– The normal dry pavement following distance of three to four seconds should be increased to eight to ten seconds. This increased margin of safety will provide the longer distance needed if you have to stop.
– Know your brakes. Whether you have anti lock brakes or not, the best way to stop is threshold breaking. Keep the heel of your foot on the floor and use the ball of your foot to apply firm, steady pressure on the brake pedal.
– Don’t stop if you can avoid it. There’s a big difference in the amount of inertia it takes to start moving from a full stop versus how much it takes to get moving while still rolling. If you can slow down early enough to keep rolling until a traffic light changes, do it.
– Don’t power up hills. Applying extra gas on snow-covered roads just starts your wheels spinning. Try to get a little inertia going before you reach the hill and let that inertia carry you to the top. As you reach the crest of the hill, reduce your speed and proceed down hill as slowly as possible.
– Don’t stop going up a hill. There’s nothing worse than trying to get moving up a hill on an icy road. Get some inertia going on a flat roadway before you take on the hill.
Stay home. If you really don’t have to go out, don’t. Even if you can drive well in the snow, not everyone else can. Don’t tempt fate: If you don’t have somewhere you absolutely have to be, stay indoors.
Why pipe freezing is a problem
Water has a unique property in that it expands as it freezes. This expansion puts tremendous pressure on whatever is containing it, including metal or plastic pipes. No matter the “strength” of a container, expanding water can cause pipes to break. Pipes that freeze most frequently are those that are exposed to severe cold, like outdoor hose bibs, swimming pool supply lines, water sprinkler lines, and water supply pipes in unheated interior areas like basements and crawl spaces, attics, garages, or kitchen cabinets. Also, pipes that run against exterior walls that have little or no insulation are also subject to freezing.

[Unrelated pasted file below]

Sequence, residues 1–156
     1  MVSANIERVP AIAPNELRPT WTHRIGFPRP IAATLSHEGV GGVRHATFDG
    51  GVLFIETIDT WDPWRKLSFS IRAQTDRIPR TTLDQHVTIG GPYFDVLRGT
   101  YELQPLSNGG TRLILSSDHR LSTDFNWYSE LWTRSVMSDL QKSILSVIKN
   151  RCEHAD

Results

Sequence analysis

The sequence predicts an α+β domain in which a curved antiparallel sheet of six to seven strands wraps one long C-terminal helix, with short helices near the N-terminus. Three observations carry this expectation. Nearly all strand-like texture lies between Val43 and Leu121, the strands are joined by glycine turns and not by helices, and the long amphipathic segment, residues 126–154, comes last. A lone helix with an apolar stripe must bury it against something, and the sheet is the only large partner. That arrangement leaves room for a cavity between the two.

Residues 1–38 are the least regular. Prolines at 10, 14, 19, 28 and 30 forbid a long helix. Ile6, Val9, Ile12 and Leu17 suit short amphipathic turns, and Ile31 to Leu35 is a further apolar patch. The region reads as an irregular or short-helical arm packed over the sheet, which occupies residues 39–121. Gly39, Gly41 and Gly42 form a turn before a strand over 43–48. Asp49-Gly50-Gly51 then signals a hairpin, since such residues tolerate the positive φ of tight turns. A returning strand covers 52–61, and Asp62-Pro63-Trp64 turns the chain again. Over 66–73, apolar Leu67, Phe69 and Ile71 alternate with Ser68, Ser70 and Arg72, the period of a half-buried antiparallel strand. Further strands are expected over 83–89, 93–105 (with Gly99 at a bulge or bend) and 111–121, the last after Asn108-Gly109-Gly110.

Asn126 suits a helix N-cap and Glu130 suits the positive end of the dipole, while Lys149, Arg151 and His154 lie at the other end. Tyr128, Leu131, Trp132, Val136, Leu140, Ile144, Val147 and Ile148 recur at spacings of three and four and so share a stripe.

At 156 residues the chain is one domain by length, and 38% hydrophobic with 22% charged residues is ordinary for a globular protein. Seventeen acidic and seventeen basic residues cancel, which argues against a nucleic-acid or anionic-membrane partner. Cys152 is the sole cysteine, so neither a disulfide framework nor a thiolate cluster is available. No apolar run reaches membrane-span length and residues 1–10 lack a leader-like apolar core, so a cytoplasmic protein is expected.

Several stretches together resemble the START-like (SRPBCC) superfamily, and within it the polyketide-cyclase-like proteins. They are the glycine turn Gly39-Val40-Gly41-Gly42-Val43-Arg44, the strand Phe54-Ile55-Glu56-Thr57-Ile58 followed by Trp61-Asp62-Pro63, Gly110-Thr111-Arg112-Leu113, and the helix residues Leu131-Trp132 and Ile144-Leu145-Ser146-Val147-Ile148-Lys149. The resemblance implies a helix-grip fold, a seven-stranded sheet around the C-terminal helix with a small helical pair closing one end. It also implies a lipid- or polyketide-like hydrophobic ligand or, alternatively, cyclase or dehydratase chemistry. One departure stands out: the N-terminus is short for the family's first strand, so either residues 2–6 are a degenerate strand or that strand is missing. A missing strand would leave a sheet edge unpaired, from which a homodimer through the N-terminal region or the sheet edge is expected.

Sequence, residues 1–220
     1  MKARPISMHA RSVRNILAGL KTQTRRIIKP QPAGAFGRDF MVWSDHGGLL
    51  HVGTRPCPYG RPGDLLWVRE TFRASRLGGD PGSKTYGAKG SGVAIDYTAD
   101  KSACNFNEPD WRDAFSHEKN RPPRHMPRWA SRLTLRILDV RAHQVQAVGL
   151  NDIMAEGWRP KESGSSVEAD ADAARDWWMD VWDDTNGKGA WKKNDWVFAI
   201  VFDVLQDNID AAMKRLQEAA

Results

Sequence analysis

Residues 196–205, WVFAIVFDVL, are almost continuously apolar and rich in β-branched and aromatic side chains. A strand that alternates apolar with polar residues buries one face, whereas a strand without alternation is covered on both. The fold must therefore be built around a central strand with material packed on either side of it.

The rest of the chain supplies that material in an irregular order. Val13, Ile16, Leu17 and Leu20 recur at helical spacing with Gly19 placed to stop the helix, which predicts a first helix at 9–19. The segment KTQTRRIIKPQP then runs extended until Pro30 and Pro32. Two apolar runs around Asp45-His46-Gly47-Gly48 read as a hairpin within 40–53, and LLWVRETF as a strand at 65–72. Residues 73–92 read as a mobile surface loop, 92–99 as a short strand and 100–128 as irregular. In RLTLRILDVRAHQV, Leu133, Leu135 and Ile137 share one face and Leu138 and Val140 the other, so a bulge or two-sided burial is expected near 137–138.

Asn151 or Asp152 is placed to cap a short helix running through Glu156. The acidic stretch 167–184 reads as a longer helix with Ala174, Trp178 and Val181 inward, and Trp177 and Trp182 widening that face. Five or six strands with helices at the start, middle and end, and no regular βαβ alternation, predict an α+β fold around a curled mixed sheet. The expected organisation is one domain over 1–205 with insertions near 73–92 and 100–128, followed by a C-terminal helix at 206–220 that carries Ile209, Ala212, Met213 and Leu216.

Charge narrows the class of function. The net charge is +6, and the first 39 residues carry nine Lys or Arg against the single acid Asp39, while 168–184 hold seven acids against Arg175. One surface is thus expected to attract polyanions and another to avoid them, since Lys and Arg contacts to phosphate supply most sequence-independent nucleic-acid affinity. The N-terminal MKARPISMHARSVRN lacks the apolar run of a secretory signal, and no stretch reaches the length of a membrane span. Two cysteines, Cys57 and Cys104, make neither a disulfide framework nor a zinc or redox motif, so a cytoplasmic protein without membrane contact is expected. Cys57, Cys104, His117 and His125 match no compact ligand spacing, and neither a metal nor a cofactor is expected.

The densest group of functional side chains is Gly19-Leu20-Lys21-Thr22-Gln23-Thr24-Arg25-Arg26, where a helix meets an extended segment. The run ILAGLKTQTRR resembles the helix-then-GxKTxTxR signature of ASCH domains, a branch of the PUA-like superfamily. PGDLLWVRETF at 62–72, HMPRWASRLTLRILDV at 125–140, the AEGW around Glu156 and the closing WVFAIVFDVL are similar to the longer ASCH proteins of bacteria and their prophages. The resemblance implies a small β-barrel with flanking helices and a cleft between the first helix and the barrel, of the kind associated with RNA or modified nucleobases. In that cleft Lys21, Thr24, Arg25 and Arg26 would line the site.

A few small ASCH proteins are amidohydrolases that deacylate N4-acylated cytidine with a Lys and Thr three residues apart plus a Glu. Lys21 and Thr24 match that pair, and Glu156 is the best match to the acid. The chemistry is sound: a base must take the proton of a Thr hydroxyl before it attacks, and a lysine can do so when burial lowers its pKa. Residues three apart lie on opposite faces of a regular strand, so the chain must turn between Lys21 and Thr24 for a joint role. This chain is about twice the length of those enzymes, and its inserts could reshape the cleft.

Pipe freezing is a particular problem in the South where pipes often run through uninsulated or under-insulated attics or crawl spaces.
The Red Cross offers the following tips:
Keep garage doors closed if there are water supply lines in the garage.
Open kitchen and bathroom cabinet doors to allow warmer air to circulate around the plumbing.
Be sure to move any harmful cleaners and household chemicals up out of the reach of children.
When the weather is very cold outside, let the cold water drip from the faucet served by exposed pipes.
Running water through the pipe – even at a trickle – helps prevent pipes from freezing because the temperature of the water running through it is above freezing.
Consider installing specific products made to insulate water pipes like a pipe sleeve or installing UL- listed heat tape, heat cable or similar materials on exposed water pipes. Many products are available at your local building supplies retailer. Pipes should be carefully wrapped, with ends butted tightly and joints wrapped with tape. Follow manufacturers recommendations for installing and using these products.
Newspaper can provide some degree of insulation and protection to exposed in areas that usually do not have frequent or prolonged temperatures below freezing.
Keep the thermostat set to the same temperature both during the day and at night. By temporarily suspending the use of lower nighttime temperatures, you may incur higher heating bills, but you can prevent a much more costly repair job if pipes freeze and burst.
If you will be going away during cold weather, leave the heat on in your home, set to a temperature no lower than 55 degrees.
In your home you should have bottled water, non-perishable food, prescription medicine, a weather radio and a portable radio, a cellular phone, flashlight, batteries, extra car keys, cash, personal hygiene products, important phone numbers, matches, fire extinguishers, an alternate heating fuel and the proper device to use it in.
Home preparation will minimize the hazards of winter to you.
-Insulate walls and attics
-Caulk and weather strip doors and windows
-Install storm windows
-Have chimney/fireplace checked and cleaned
-Have furnace and water heater checked and cleaned. Change furnace filters.
-Install smoke detectors and carbon monoxide detectors
-Never use fuel-burning appliances without proper vents to the outside because deadly fumes are produced